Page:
After moving into their first-year dorms—Comfort, Gummere, Jones, or Tritton Halls—with help from Customs people and some athletic teams, who lugged all those minifridges and laundry baskets up the stairs, and saying goodbye to family and friends who helped get them here, the newest Fords embarked upon Customs. Haverford College’s unique first-year experience begins with a five-day orientation ahead of the start of classes and continues all year long to provide new students with a community of support and learning throughout their first year.
Those first five days, known around campus by the misnomer “Customs Week,” include presentations and discussions on community living, the Honor Code, campus safety, the “hidden curriculum,” healthy relationships, consent, and academic integrity, as well as fairs that introduce the new students to the academic, extracurricular, and support services and programs on campus. This year, the antiracism session was led by scholar-activist and author (and local Philly native) Mark Lamont Hill, who also joined the Chesick Scholars for lunch.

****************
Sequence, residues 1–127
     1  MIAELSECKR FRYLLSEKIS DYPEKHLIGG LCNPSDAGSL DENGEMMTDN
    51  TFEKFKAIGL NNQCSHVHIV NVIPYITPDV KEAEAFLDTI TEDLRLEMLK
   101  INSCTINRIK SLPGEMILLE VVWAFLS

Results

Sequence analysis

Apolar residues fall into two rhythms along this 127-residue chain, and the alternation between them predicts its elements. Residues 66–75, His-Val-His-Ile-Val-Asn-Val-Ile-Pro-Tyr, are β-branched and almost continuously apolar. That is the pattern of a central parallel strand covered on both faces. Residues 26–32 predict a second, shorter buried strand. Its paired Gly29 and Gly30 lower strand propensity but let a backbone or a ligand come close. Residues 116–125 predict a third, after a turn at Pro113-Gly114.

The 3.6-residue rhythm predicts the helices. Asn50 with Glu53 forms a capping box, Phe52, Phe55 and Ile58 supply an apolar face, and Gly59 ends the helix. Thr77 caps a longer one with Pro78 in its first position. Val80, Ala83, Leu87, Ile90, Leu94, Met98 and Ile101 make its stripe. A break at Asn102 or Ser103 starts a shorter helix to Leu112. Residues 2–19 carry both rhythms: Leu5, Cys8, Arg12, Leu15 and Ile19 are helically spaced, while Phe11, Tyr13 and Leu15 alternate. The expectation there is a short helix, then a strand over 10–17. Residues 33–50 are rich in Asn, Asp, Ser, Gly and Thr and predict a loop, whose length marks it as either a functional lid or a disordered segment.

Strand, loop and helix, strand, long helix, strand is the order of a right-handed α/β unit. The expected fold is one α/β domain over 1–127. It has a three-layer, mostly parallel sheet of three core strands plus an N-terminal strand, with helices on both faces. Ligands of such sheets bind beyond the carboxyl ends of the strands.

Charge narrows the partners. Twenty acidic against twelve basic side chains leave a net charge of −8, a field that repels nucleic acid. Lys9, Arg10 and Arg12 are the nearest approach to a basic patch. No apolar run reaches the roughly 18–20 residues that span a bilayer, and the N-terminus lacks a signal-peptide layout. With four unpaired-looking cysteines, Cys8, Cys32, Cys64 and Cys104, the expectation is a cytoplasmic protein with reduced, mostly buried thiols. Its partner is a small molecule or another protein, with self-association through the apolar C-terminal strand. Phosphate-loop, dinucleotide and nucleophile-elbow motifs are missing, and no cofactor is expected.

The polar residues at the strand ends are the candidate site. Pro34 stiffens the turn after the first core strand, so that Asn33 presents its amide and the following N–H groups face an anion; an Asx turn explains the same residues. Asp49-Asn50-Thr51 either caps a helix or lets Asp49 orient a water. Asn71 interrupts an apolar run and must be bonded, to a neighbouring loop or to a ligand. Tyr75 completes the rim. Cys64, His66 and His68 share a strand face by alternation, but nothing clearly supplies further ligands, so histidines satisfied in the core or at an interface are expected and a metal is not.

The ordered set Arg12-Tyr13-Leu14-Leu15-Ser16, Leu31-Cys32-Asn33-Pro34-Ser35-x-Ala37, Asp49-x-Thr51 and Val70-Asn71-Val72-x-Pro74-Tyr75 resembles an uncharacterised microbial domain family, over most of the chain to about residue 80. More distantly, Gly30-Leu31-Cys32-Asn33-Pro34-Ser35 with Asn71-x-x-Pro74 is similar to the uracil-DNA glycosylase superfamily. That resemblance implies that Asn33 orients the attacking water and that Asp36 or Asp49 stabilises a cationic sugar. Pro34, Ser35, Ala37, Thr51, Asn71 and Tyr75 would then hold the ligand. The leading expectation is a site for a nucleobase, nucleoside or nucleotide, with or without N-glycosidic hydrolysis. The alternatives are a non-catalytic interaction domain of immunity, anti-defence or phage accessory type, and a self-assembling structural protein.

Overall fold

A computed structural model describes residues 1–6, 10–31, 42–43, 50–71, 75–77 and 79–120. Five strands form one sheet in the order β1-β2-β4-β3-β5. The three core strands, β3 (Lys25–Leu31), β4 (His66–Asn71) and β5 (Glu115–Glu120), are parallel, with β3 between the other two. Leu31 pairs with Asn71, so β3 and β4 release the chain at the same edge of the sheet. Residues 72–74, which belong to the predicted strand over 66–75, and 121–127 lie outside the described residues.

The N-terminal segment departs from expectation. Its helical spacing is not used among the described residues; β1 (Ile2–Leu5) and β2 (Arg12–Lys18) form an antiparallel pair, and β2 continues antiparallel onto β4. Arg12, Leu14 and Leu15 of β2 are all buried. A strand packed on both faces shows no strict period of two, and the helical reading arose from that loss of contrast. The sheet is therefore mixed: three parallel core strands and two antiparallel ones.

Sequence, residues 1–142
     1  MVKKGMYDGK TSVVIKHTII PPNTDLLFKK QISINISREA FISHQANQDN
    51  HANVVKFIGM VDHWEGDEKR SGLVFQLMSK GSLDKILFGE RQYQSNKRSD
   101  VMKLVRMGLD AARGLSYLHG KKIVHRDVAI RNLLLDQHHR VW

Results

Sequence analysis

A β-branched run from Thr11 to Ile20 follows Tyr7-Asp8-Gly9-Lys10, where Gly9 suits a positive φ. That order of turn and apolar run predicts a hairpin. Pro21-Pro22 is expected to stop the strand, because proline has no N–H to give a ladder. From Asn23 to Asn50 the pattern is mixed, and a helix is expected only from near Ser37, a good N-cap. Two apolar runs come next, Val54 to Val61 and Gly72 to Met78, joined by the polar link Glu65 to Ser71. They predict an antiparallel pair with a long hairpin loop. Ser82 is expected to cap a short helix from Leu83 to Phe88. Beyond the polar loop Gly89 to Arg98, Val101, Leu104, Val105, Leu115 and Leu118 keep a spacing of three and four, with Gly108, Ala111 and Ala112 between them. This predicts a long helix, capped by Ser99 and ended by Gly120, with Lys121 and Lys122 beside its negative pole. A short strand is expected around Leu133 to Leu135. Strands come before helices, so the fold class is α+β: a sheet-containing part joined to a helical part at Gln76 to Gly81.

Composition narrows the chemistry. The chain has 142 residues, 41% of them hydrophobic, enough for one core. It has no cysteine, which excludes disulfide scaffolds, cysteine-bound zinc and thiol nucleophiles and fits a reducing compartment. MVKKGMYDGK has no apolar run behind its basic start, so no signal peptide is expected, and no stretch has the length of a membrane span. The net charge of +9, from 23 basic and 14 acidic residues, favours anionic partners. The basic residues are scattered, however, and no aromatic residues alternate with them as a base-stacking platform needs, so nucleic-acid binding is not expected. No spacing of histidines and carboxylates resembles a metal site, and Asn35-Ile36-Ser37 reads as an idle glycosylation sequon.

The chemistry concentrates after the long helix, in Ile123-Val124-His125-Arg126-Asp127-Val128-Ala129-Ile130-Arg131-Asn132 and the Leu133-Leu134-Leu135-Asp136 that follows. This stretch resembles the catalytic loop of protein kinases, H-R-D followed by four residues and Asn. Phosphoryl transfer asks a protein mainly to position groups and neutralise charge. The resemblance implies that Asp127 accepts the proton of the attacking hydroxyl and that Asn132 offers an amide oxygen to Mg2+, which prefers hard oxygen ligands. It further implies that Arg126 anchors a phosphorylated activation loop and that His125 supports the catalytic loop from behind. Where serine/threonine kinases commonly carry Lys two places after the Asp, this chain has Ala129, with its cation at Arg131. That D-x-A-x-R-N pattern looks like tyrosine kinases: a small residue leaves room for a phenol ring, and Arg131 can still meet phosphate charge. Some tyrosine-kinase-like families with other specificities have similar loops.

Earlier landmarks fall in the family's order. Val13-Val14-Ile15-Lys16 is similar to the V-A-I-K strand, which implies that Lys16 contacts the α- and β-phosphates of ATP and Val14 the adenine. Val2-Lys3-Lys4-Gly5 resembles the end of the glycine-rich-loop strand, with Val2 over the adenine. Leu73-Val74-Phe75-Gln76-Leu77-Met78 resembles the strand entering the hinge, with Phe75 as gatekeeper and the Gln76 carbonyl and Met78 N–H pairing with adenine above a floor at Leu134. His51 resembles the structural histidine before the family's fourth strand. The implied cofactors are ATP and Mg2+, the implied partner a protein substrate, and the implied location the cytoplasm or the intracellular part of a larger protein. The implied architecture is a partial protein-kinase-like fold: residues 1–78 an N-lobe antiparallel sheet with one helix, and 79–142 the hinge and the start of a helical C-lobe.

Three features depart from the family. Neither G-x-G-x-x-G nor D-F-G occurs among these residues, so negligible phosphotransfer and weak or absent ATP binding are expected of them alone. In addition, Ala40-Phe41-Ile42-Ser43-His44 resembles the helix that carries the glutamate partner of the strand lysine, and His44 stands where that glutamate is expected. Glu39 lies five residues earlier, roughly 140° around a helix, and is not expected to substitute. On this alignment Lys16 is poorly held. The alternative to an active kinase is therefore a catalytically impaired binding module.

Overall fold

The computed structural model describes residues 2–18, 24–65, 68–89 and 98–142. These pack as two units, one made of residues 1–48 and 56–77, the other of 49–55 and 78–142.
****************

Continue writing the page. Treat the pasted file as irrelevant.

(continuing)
There was also plenty of time for fun. There were tours of campus and nearby Ardmore. There was late-night donuts with President Wendy Raymond. In addition to the traditional SupaFun dance and hypnotist performance, Customs Week also included, for the first time, an opportunity for students to make a “hall film”—a short video that showcases each hall’s creativity and personality as a way to help the rest of the first-year class to get to know them. And, of course, there was Dorm Olympics.
Haverford’s annual tradition of residence hall pride and student talent that pits dorm against dorm in a camp-color-war-style competition, found students competing in tug of war, Haverford trivia, presidential-portrait speed-drawing, balloon caterpillar races, paper airplane flying, sponge races, and a talent show. When the dust had settled, Jones Hall was declared the winner.
The 363 individuals who collectively make up the Class of 2026 hail from 37 states, Washington D.C., Puerto Rico, and 26 foreign countries. 16 percent comes from outside the U.S. (from Bangladesh to Zimbabwe). Almost 55 percent identify as a person of color—43.7 percent are domestic students of color—and almost 25 percent come from a family where one or both parents did not attend college. 31 percent speak a language other than English at home, and 20 of them are Questbridge-match students.
The Class of 2026 is the most selective and diverse in the College’s history, and they are a welcome addition to the campus community.
Photos by Dan Z. Johnson, Patrick Montero, Paola Nogueras, and Keyla Ramirez ’25.